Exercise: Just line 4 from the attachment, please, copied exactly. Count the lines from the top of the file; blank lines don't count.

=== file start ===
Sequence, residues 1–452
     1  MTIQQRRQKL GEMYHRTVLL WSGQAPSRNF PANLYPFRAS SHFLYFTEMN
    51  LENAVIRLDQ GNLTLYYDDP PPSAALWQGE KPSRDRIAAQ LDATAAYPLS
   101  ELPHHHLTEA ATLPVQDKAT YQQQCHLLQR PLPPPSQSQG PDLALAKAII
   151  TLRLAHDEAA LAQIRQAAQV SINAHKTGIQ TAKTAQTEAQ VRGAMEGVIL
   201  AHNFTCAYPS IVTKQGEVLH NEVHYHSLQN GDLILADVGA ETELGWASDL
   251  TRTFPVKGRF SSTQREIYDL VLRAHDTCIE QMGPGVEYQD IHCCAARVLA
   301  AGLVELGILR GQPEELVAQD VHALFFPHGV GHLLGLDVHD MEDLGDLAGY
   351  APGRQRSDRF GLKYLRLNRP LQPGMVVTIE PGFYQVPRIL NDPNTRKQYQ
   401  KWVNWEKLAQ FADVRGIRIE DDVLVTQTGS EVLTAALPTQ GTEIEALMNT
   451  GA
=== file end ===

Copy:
   101  ELPHHHLTEA ATLPVQDKAT YQQQCHLLQR PLPPPSQSQG PDLALAKAII